Re: Quic: the elephant in the room

Phillip Hallam-Baker <> Sat, 10 April 2021 16:58 UTC

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From: Phillip Hallam-Baker <>
Date: Sat, 10 Apr 2021 12:58:28 -0400
Message-ID: <>
Subject: Re: Quic: the elephant in the room
To: Ben Laurie <>
Cc: Michael Thomas <>, IETF Discussion Mailing List <>
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On Sat, Apr 10, 2021 at 5:29 AM Ben Laurie <> wrote:

> On Sat, 10 Apr 2021 at 00:35, Michael Thomas <> wrote:
>> On 4/9/21 4:26 PM, Phillip Hallam-Baker wrote:
>> It is only a 'three packet handshake' if you ignore the off path
>> interactions with the DNS service. The timeout on DNS tens to be rather
>> smaller than that most would be comfortable with for crypto.
>> I don't see why it can't be long lived, but even normal TTL's would get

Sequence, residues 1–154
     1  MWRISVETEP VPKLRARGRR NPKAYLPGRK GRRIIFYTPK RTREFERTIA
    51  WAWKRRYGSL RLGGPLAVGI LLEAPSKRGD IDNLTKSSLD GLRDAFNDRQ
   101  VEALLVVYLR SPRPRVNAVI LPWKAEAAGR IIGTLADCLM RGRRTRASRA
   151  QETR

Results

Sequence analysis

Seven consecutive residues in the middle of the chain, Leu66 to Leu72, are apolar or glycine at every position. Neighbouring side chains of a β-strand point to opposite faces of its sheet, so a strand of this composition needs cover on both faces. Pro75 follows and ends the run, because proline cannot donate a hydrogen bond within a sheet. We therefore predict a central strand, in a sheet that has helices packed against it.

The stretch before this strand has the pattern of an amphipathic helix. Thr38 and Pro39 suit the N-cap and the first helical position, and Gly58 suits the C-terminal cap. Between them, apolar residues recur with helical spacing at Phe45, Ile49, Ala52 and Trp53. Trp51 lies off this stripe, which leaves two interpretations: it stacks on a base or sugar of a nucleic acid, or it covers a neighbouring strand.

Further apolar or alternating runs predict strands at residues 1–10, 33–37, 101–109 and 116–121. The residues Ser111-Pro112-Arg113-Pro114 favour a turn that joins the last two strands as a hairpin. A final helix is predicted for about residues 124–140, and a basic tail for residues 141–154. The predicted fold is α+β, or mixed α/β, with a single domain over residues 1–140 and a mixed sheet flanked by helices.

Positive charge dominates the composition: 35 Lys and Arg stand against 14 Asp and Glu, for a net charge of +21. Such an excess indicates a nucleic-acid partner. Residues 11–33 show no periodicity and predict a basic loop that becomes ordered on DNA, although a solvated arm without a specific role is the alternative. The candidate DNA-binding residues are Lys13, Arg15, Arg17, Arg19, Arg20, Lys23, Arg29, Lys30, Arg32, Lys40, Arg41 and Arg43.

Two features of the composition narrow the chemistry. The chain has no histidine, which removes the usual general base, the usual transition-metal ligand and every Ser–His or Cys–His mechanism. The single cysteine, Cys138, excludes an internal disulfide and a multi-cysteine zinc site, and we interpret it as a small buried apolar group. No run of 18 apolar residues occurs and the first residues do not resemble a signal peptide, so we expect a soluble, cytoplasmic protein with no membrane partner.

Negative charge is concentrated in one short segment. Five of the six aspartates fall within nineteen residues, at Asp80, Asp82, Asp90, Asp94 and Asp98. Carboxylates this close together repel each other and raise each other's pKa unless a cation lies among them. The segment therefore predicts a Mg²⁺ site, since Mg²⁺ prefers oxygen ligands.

>> amortized over a lot of connections. Right now with certs it is a 5 message
>> affair which cannot get better. But that is why one of $BROWSERVENDORS
>> doing an experiment would be helpful.
> When I was designing Certificate Transparency, Chrome ruled out any side
> channel communications requirement during handshake. Given that DNS is
> required anyway, perhaps this would be different. However, the other
> problem is introducing DNS as a trust root - the DNS hierarchy is
> considerably less secure than CAs were even before CT but now it's really a
> very poor option in comparison.
> Could be fixed with DNS Transparency, of course.

That is not the approach I am planning to take.

DNSSEC will always be an afterthought and Domain Validation in the WebPKI
will always be weak because the role of the CA is to recover information
thrown away in the DNS registration scheme.

Build out the name registry and the PKI in parallel and the need for Domain
Validation goes away entirely.

My current proposal is focused on the never solved problem of credentialing
people rather than organizations and employees in organizations. But it
could also be used for organizations:

GitHub - hallambaker/Callsign <>
Mathematical Mesh 3.0 Part VII: Mesh Callsign Service (

This is not built on Certificate Transparency but it does apply many of the
same ideas.